The Unquiet Daughter

Danielle Flood

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The Unquiet Daughter

The Unquiet Daughter Journalist and first time author Flood s powerful memoir of her life with a dysfunctional mother and her decades long search for her biological father is a gripping story of self doubt and self discov

  • Title: The Unquiet Daughter
  • Author: Danielle Flood
  • ISBN: null
  • Page: 467
  • Format: Kindle Edition
  • Journalist and first time author Flood s powerful memoir of her life with a dysfunctional mother and her decades long search for her biological father is a gripping story of self doubt and self discovery Flood s parents may seem familiar to readers a Vietnamese woman, pregnant with a British officer s baby, who marries an American foreign officer since their lives wereJournalist and first time author Flood s powerful memoir of her life with a dysfunctional mother and her decades long search for her biological father is a gripping story of self doubt and self discovery Flood s parents may seem familiar to readers a Vietnamese woman, pregnant with a British officer s baby, who marries an American foreign officer since their lives were the basis for the main characters in Graham Greene s novel The Quiet American For Flood, this book is the sequel Greene never wrote, and her story has some compelling moments of its own After the family moves to America, Flood s stepfather mysteriously leaves her with her mother, who thrives on mental fireworks, begins a career as a burlesque dancer, has numerous affairs, and often leaves the young Flood to fend for herself in a variety of schools in New York City Flood finds peace of mind while searching for answers about what her mother did and did not do and what she did and did not tell me Flood s descriptions of her early life are truly heartbreaking teenage years spent working her way through high school, being abandoned by her mother, and realizing that to try and understand why Mom had done so many things was pointless Publisher s Weekly

    • ↠ The Unquiet Daughter || É PDF Download by ☆ Danielle Flood
      467 Danielle Flood
    • thumbnail Title: ↠ The Unquiet Daughter || É PDF Download by ☆ Danielle Flood
      Posted by:Danielle Flood
      Published :2018-08-25T18:27:17+00:00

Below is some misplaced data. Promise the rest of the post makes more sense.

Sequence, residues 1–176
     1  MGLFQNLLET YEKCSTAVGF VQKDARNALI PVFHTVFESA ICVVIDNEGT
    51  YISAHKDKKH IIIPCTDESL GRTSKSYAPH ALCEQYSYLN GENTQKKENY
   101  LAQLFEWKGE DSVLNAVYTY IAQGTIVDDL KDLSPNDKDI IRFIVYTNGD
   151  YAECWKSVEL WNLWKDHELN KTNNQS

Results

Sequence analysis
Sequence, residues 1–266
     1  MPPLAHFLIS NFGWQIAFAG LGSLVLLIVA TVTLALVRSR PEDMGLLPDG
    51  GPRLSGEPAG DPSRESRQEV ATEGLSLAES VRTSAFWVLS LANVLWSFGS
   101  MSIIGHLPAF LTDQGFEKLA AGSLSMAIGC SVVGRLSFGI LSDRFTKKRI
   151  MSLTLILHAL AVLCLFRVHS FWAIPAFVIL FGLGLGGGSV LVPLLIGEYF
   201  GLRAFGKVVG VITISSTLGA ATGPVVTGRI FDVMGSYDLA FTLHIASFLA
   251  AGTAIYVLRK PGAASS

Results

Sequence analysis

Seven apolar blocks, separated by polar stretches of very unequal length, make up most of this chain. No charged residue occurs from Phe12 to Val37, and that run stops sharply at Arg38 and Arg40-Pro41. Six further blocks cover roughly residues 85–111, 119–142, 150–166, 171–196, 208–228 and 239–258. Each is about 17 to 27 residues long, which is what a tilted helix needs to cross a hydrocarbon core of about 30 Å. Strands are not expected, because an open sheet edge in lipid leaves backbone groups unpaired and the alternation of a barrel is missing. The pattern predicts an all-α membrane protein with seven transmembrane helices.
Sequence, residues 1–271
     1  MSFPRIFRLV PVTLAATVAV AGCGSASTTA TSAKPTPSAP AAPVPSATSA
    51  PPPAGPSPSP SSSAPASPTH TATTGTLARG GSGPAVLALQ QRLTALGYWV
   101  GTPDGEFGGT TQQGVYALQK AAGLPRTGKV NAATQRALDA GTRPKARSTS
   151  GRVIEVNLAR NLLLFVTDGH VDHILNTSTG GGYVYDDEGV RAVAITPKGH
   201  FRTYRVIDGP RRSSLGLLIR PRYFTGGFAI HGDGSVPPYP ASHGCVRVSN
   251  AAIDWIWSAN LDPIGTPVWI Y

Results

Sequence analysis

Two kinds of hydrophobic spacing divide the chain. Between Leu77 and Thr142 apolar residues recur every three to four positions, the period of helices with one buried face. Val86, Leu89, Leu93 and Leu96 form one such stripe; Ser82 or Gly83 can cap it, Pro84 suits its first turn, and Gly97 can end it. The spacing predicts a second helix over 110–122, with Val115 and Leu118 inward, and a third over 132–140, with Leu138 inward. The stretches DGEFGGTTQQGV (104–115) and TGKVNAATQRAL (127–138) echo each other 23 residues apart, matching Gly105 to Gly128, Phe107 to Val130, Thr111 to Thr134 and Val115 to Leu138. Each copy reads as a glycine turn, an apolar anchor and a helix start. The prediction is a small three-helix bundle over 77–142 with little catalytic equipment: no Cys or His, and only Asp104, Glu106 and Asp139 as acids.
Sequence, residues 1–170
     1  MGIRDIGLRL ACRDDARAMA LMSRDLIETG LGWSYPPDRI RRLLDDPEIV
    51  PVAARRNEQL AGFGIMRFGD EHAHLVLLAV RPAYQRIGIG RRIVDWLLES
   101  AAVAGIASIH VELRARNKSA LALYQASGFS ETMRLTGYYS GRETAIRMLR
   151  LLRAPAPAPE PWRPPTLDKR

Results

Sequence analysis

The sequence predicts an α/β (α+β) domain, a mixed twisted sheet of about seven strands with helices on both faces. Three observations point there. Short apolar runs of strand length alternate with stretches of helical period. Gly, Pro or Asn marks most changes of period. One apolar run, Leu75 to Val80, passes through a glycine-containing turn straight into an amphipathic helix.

One thought on “The Unquiet Daughter

    1. Rosemary Louise on said:

      This is a very well-written memoir. Much of it deals with the inner turmoil of a confused little girl who tries to make sense of her mother's strange, sometimes abusive, behaviour. Later in the book the little girl, now grown up, tries to make sense of her mother's early life and the circumstances of her own birth. The sadness of this story of a woman's search for her family will stay with me for a long time.

    2. Peggy Jeffcoat on said:

      This is a riveting memoir written by a woman who traces her parentage to the fictional characters in Graham Green's book The Quiet American. It takes her years to uncover her own heritage, then more years to discover why Graham Green may have used her parents and stepfather as central characters in his novel. She endures incredible hardship as a child and teenager, but somehow has will to survive and become a journalista fascinating true story .

    3. Mary Nee on said:

      An interesting book. Worth reading.The author has lived an interesting life, and the search for her real father is heart wrenching.

    4. Rosie on said:

      Giveaway winner. Danielle Flood's memoir is a story of survival and how she prevailed. It is a recount of her highly dysfunctional life, not just youth, with a cruel, narcissistic mother who abandons her at a young age ,which was probably a blessing. It is also about Flood's decades long search for her biological father hampered by her mother's many lies. The epilogue is very interesting and puts all the pieces of the puzzle together.

    5. Dawn Hurtado on said:

      Simply an amazing story. So truthful and raw you find yourself in many scenes. Simply an amazing story. Truthful and almost too raw at times. Definitely a honest portrayal of abandonment and pain. Well written.

    6. Tamara Collins on said:

      The author will be reading at RiverRun Bookstore in Portsmouth, NH on Wednesday, September 21st at 6 p.m. Danielle Flood's memoir tells the story of a young woman searching for the truth. A young woman stripped of her childhood and forced to become an adult from day one because she wasn't allowed to play with other children. She was forced to perform the jobs of a cook, caretaker, and cleaning lady at home and for other families. Who is her real father? Why is her mother keeping this information [...]